Perhaps the greatest ballet of all time, Ivanov and Petipa’s Swan Lake, to Tchaikovsky’s music, has for over a century been the apotheosis of death-defying, romantic, heterosexual love. Through trial and error, Prince Siegfried wins the love of Odette, queen of the swans – girls cygnified by a wicked sorcerer – and after some lapses and tribulations is united with her in life or death, depending on tinkerings with the choreography. The great prima ballerina Galina Ulanova described Swan Lake as “the most beautiful ballet you could imagine.” But could you also imagine it as a danced homosexual melodrama with semi-nude male swans, a seedy nightclub scene, the outing of a closeted homosexual prince, a palace ball with a pistol-toting final shootout, an insane-asylum sequence, and similar absurdities?
You couldn’t. But the choreographer Matthew Bourne could, in what is now, all too aptly, touted as Matthew Bourne’s Swan Lake. Not even poor, closeted-homosexual Pyotr Ilyich would claim it as his. The set, by Lez Brotherston, suitably suggests an ornate, tiled bathhouse, inhabited by a mama’s-boy princeling who grows up into a mother-dominated prince. The story, with flashbacks and wet-dream sequences, tells about his fatal affair with what now adds new meaning to the term swan queen, and ends in a way open to various interpretations.
The homosexualization of great heterosexual love stories proceeds apace. Romeo and Juliet has been converted into R&J with a four-schoolboy cast; there have been several all-male As You Like Its (and please, don’t tell us again about Shakespeare using boy actors – under duress); etc. Most of this, characteristically, of British origin. I have no objection to homosexual ballets, whether campy or not, as long as they are new and so conceived; they should not, like cuckoos’ eggs, be smuggled into the nests of other birds, notably swans.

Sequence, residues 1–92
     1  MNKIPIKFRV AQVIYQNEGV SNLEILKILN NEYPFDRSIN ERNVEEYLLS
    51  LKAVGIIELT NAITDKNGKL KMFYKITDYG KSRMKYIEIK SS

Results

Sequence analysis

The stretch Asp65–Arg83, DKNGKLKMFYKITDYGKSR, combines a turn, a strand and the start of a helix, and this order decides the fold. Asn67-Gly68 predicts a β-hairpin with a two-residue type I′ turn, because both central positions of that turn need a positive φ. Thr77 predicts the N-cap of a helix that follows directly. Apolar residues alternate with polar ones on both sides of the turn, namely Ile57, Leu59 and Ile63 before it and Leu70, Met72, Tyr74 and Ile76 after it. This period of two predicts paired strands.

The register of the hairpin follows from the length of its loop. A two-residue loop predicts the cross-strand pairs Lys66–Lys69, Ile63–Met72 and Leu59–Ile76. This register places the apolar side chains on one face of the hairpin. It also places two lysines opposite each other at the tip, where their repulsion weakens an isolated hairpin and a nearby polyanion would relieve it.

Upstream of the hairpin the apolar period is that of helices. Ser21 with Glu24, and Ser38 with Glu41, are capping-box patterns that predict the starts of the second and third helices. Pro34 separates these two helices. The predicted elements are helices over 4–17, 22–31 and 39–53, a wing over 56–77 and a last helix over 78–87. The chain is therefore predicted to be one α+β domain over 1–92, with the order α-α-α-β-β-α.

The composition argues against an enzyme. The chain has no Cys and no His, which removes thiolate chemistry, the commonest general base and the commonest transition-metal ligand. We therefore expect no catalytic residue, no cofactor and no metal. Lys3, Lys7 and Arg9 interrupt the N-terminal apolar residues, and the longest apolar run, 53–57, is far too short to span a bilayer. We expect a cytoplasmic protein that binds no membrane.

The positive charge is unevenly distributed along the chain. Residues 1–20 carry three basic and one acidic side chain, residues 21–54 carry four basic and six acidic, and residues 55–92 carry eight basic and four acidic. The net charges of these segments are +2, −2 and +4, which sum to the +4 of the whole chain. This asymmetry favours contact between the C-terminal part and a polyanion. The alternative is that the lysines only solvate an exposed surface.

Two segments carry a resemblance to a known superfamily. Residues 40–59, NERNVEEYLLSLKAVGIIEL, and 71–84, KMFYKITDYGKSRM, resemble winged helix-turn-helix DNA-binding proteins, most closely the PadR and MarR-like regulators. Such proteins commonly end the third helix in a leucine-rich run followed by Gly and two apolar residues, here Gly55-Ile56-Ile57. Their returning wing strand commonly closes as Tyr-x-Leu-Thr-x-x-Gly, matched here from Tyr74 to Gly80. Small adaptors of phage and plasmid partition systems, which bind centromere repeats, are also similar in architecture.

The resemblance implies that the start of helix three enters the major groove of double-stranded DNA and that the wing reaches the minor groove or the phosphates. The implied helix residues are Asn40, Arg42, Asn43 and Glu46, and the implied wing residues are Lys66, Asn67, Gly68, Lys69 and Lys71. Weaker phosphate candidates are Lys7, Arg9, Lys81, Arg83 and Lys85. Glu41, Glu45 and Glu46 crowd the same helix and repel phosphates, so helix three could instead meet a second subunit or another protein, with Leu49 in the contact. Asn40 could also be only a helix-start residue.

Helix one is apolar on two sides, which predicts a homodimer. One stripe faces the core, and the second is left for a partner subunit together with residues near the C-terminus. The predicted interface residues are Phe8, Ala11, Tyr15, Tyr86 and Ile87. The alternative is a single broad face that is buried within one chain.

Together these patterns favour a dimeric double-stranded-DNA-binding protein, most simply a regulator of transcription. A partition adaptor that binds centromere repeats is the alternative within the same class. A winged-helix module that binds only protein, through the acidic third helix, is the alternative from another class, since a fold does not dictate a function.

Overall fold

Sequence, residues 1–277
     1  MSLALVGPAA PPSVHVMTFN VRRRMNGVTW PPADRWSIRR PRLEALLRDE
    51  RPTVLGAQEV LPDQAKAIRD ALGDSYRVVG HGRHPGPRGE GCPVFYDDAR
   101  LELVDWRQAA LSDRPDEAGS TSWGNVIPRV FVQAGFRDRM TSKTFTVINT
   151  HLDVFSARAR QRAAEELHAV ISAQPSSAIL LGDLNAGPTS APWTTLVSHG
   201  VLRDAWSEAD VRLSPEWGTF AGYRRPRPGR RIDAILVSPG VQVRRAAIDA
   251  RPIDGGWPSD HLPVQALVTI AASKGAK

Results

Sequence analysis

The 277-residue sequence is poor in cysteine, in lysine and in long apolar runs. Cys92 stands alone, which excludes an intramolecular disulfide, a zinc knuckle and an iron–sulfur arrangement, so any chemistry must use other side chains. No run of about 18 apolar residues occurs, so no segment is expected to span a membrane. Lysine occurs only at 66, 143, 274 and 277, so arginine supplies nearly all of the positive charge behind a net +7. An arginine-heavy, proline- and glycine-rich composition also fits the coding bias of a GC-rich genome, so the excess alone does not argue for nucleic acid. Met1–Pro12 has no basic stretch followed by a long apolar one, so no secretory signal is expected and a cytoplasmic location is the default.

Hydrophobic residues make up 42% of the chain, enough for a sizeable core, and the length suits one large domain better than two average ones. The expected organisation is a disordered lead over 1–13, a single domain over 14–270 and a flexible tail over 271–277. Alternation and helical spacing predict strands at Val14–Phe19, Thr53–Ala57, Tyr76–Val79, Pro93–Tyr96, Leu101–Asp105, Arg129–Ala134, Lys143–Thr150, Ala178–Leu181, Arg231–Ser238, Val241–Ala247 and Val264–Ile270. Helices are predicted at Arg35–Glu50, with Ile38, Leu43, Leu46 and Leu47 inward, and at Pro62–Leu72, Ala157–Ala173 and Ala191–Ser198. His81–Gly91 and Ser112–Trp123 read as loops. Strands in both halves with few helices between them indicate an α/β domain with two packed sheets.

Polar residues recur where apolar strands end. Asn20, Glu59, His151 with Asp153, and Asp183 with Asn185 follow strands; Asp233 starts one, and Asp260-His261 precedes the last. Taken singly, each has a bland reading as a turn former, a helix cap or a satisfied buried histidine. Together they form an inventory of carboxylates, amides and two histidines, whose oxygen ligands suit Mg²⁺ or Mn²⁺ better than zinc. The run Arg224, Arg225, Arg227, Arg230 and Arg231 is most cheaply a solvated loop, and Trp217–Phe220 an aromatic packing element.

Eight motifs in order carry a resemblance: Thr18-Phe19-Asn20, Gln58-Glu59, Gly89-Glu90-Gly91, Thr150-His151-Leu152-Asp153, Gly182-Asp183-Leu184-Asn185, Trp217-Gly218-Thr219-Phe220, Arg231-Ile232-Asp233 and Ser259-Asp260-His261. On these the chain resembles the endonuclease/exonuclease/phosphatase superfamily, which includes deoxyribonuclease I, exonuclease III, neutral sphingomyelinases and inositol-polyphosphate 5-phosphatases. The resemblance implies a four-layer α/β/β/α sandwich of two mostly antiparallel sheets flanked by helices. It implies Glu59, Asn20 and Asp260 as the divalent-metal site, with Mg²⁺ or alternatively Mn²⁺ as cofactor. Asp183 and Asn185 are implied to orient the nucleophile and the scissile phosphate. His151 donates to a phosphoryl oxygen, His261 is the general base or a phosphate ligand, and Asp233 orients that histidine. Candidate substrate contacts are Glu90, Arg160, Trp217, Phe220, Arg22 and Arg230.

Moreover, among the many rethinkings of Swan Lake I have seen (most notably Balanchine’s), none was as choreographically impoverished as Bourne’s. I wonder whether we are now to look forward to Sleeping Beauty with an Aurelius, Giselle with a Gilbert, and Les Sylphides with all-male sylphs.
This said, the music is still lovely even in David Cullen’s orchestration; some of the Brotherston scenery and costumes, however inapposite, impress; and there is solid dancing from the entire company, headed by Adam Cooper in what used to be the Odette/Odile role but turns now, in Act Two, into a black-clad bisexual ruffian, servicing equally the prince, the queen mother, and sundry others. The most ineffectually effete choreography comes, expectably, in the second-act numbers where men still dance with women, a veritable embarrassment of glitches. My personal advice to Matthew Bourne is “Go jump in a lake”; to the spectator, Alexander Pope’s “Yet let not each gay turn thy rapture move.”